Fejzulal Kujtim, the attacker, had been sentenced to 22 months in prison on April 25, 2019 for his plans to travel to Syria to join the Islamic State. However, the man was released on parole on December 5, 2019.
One thousand police officers fanned out across the Austrian capital of Vienna on Monday night, searching for the gunman who had killed five people and wounded at least seventeen more in what authorities had quickly deemed a terrorist attack.
The five victims had been shot and killed by the gunman, who was wielding a rifle and shooting up areas of the capital city on Monday night in a seemingly random pattern. The perpetrator, who was later shot and killed by police, was a 20-year-old man who had already been convicted for his part in a terrorist organization, according to Austrian Interior Minister Karl Nehammer.
According to Austrian media reports, he was known to belong to approximately 90 Islamic State sympathizers who had planned to go to Syria to fight with them.
According to the Minister in an interview with Austrian news agency APA, he was born and raised in Vienna and was a citizen of both Austria and North Macedonia. He was shot by the police at 20:09 local time (21:09 Greek time), according to information given by Vienna police commander Gerhard Purstl.
The Austrian newspaper Falter stated in a report that the perpetrator had Albanian roots in North Macedonia. The editor of the paper, Florian Klenk, posted what he believed to be the gunman’s name on Twitter, adding the details regarding his Albanian and North Macedonian roots.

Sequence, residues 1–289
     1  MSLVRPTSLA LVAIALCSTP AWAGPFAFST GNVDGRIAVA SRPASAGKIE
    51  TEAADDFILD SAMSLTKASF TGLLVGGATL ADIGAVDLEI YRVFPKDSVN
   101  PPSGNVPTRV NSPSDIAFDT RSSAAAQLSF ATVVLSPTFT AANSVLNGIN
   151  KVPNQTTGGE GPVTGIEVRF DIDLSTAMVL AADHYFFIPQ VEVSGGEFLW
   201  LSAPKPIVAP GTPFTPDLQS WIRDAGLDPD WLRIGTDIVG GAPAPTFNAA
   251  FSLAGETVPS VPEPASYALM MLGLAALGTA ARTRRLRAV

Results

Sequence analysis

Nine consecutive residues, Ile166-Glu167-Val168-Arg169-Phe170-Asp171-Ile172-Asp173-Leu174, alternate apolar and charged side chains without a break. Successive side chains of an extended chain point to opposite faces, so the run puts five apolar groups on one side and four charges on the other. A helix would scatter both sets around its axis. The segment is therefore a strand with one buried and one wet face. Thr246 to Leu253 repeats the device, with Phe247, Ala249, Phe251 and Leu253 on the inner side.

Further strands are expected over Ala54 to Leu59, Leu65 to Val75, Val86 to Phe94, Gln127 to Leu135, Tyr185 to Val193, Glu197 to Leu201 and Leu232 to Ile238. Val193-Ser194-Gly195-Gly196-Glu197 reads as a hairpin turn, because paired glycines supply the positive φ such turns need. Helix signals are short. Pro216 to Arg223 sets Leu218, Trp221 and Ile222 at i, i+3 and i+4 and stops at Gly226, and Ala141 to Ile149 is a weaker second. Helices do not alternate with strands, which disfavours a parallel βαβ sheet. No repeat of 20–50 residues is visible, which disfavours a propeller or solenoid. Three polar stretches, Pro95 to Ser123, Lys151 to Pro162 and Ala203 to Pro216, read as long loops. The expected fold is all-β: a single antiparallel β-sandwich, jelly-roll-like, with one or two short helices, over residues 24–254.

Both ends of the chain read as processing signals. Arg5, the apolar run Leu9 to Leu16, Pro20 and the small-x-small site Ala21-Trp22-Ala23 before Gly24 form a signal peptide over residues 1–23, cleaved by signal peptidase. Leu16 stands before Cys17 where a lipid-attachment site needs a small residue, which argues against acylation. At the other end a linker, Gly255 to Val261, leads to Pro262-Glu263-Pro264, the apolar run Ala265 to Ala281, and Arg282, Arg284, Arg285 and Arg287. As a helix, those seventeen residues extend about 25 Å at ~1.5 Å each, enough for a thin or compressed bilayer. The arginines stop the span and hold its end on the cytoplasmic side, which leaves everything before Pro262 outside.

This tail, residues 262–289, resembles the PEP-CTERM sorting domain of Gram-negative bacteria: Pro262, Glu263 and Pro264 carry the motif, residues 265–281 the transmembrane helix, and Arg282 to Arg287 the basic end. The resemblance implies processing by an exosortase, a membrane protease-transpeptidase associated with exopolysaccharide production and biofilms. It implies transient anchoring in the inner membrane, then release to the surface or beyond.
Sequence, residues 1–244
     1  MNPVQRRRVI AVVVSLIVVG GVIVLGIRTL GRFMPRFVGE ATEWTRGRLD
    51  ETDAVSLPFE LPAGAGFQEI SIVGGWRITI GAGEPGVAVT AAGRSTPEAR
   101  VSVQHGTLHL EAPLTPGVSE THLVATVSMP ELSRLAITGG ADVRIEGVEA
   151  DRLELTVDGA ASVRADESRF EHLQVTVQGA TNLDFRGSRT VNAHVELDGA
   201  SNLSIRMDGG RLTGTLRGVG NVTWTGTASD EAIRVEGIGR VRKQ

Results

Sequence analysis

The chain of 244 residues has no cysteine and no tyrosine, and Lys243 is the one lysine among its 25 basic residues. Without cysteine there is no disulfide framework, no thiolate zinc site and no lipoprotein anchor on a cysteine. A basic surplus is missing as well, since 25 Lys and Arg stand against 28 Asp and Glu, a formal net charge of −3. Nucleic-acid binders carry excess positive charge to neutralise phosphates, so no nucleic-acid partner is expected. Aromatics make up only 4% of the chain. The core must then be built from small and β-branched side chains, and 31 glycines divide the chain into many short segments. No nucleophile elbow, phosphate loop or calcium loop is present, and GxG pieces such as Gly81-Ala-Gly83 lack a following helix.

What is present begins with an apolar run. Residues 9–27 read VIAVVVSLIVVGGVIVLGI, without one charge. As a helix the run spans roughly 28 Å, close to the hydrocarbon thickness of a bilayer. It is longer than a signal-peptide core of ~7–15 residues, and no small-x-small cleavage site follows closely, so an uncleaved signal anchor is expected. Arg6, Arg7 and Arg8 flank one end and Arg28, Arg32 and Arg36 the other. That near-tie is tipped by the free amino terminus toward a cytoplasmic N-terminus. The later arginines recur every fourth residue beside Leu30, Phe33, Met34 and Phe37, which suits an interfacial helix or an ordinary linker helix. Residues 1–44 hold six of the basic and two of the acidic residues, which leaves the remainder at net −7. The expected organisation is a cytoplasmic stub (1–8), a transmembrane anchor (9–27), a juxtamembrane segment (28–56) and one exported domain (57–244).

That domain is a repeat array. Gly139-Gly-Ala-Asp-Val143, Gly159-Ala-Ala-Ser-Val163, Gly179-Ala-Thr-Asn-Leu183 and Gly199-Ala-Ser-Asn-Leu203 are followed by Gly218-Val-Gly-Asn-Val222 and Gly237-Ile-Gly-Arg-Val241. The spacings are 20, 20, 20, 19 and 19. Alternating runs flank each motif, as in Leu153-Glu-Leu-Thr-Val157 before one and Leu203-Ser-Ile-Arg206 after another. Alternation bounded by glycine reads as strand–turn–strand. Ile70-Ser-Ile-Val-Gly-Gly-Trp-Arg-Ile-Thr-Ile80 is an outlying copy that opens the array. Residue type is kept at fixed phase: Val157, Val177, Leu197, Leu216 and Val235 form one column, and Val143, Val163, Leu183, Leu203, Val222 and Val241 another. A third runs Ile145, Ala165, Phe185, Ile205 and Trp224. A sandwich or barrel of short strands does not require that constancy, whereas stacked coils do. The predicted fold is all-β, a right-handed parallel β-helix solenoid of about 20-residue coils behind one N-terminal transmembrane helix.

Kujtim had been wearing a belt that was made to look like an explosive belt but it was in fact nonfunctional. He used an automatic rifle to carry out the murders.
The perpetrator had even published photos of himself on Instagram, swearing his fealty to the terrorist organization and its current leader, Abu Ibrahim al-Hassemi al-Quresi.
Media reports also say that Kujtim sent two videos depicting the earlier Charlie Held attack in Paris to two friends. At present, it is not known if he acted alone. Austrian police reports hint at a scenario in which he was working with four accomplices.
Austria has declared three days of mourning in remembrance of the four victims. “Our thoughts and sympathies are with the victims, the injured and their families at this very difficult time for the Republic of Austria,” Austrian President Kurtz told reporters before going in to a cabinet meeting.
So far, a total of fifteen homes have been raided by the authorities in an effort to locate any possible accomplices or other pertinent information in the investigation. The border with Germany has been closed as a precaution, according to our reporters.
Reports say that at least 20,000 videos showing the different attacks have been sent to the Austrian police. At this point, only 20% of these have been evaluated.
The latest reports from APA say that seven of the victims who had been wounded are in critical condition.